Going in Style (2017)

  • Time: 96 min
  • Genre: Comedy | Crime
  • Director: Zach Braff
  • Cast: Morgan Freeman, Michael Caine, Alan Arkin


A reboot of the 1979 movie that was directed by Martin Brest and featured George Burns, Art Carney, and Lee Strasberg. Three seniors, who are living social security check to check and even reduced to eating dog food at times, decide they have had enough. So, they plan to rob a bank…problem is, they don’t even know how to handle a gun! A social commentary on growing old in America and what we are sometimes driven to, due to circumstances.


  • Zach Braff has directed three movies. They are Garden State, Wish I Was Here, and Going in Style. “Style” (my latest review) is the best out of all of them. It’s not as complicated, it’s more commercial, and it’s not quite as pretentious. Oh and Braff isn’t in front of the camera this time. Now does that make Going in Style a better film overall? Not necessarily. This is completely different fodder from what Zach has helmed in the past. “Style” as a spring comedy slash crime mantra, just wants to have a good time.

    Better than old timer foil like The Bucket List and Last Vegas, Going in Style has Braff channeling his inner Jon Turteltaub (minus the technological gadgets). There’s the film score by Rob Simonsen that sounds like erratic spy music. There’s also the fast cut editing and split screen shots detailing “Style’s” pivotal bank robbery (and bank robbery planning). Lastly, there’s the whole, we-get-it-you’re-old plot element vested upon us. In jest, a lot of Going in Style feels like you’re watching a comedic National Treasure complete with AARP interludes. Zach Braff casts three legendary actors (Morgan Freeman, Michael Caine, Alan Arkin) and with a breezily tone, makes them all seem likable.

    Distributed by Warner Bros. and shot around parts of Brooklyn, Queens, and summertime Manhattan, Going in Style is about three lifelong pals named Willie (Freeman), Joe (Caine), and Albert (Arkin). They are insolvent, over the age of 75, and have their pensions revoked after the company they worked for, becomes restructured. Their solution and inspiration: Pull off a bank heist of over a million dollars with the guys wearing Rat Pack masks and donning firearms with blanks (examples of the Rat Pack are Dean Martin, Frank Sinatra, and Joey Bishop). Look for a test robbery featuring Freeman and Caine knocking off a lowly supermarket. Also, be on the lookout for a scene where the three senior citizens toke up on some potent ganja (you know, the urban definition for weed).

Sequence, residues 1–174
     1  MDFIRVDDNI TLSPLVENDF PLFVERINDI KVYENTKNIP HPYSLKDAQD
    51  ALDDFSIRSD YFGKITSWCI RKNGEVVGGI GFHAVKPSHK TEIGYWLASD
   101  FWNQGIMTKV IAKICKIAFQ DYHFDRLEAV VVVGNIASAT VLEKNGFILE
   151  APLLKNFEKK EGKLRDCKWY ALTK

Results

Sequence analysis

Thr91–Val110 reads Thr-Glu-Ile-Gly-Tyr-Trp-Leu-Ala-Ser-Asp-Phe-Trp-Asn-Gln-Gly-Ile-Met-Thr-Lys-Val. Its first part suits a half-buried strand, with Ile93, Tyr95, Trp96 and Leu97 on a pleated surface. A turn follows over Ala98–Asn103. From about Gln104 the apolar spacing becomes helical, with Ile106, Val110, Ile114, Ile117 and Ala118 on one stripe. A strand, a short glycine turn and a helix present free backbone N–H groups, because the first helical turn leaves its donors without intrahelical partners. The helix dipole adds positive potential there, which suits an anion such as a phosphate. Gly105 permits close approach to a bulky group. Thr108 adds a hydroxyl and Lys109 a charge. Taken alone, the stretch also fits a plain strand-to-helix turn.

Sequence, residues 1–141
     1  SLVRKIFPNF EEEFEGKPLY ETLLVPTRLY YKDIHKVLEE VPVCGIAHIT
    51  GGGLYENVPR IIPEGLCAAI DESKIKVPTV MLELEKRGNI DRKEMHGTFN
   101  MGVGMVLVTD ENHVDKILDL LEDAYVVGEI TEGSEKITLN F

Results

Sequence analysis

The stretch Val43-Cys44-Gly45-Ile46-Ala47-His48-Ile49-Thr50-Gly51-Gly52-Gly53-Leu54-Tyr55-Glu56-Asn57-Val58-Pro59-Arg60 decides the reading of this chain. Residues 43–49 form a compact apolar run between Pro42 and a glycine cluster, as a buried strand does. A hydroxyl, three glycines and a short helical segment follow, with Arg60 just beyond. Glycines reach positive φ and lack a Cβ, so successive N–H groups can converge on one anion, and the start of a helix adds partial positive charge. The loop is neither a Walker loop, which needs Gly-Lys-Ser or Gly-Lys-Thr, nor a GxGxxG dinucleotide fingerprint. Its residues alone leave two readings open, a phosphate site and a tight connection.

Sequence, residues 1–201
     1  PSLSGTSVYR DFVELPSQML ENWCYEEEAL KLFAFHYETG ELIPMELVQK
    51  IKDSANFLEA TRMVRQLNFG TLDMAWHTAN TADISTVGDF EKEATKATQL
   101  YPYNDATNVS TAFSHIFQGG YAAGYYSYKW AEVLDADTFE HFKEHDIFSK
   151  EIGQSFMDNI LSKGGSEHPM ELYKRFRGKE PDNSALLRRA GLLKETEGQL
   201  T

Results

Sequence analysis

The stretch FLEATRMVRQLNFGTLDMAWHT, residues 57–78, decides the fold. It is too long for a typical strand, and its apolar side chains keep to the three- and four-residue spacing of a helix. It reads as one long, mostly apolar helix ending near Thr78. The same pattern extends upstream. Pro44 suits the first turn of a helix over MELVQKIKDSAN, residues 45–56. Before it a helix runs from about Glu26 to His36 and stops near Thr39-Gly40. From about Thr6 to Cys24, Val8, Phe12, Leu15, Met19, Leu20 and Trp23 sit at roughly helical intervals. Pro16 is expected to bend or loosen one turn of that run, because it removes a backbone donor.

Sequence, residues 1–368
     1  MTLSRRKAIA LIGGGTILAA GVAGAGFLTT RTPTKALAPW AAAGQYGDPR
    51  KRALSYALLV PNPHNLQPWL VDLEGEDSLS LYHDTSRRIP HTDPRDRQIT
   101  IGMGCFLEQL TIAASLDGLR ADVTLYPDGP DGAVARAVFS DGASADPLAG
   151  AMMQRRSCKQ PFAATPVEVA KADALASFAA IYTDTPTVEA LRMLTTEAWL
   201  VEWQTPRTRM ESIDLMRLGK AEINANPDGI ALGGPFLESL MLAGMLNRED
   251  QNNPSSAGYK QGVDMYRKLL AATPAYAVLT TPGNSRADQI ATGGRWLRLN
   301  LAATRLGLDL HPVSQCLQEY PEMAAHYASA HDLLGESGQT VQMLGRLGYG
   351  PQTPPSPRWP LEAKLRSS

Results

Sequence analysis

All in all, “Style” despite a small twist, comes off as predictable, a little too happy happy, and altogether trivial. Yup, not much feels at stake. However, it’s jolly, entertaining, and chuckled in a PG-13 sort of way. “Style” is a remake of a 1979 film saddled with the same title. I’ve never seen that George Burns vehicle and I may never see it (unless I decide to order the Blu-ray on Amazon). No matter. This new version of Going in Style probably has a “style” all its own anyway. Oh and I almost forgot, watch for famed actors Matt Dillon, Ann Margret, and Christopher Lloyd in small, supporting roles. They add to “Style’s” lighthearted fun. Rating: 3 stars.

    Rating: 3 out of 4 stars

    Check out other reviews on my blog: http://www.viewsonfilm.com

  • What in the world is funny in a movie if there aren’t any fart jokes or bad language or rude references to various body parts? What’s so funny? Life. In particular the lives of three older gentlemen who have had it up to here and set out to get their own back from the greedy, and younger, men who are trying to run things now without paying attention to who they hurt or how. I just read a column that said older people see more movies in movie theaters and it’s nice to see a movie that is geared for them. Going In Style is a situational comedy meaning the funny stuff comes from the story not from the wise cracks, stupid antics, and suggestive material but from the characters and the situations they find themselves in. Thus the name. It’s easier getting laughs by being a garbage mouth but with these three, or any one of them, the life they’re putting on film looks so real and you can identify with them, that the humor resonates and is not so easily forgotten.
    Theodore Melfi, the screenwriter, has done a very good job with Edward Cannon story. There are turns I never expected and turns I knew were going to happen but when they did it just wasn’t the way I thought it would be. And director Zach Braff keeps his cards close and doesn’t give anything away. These unexpected twists and turns made this movie fun from beginning to end. It’s also a great example of how to make a film comedy. Movie makers should be giving this film a good hard look.
    I would go see a movie with any one of these three great actors but all three is just fantastic. Morgan Freeman plays Willie with calm control but carries his secrets so the other two don’t find out. Michael Caine’s Joe is pushed into action but is able to see both sides of the results. Alan Arkin is irascible as Albert, playing him as if he’s mad at the world but the world still loves him. These three are believable because their interactions with each other are honest. That’s more than just the writing.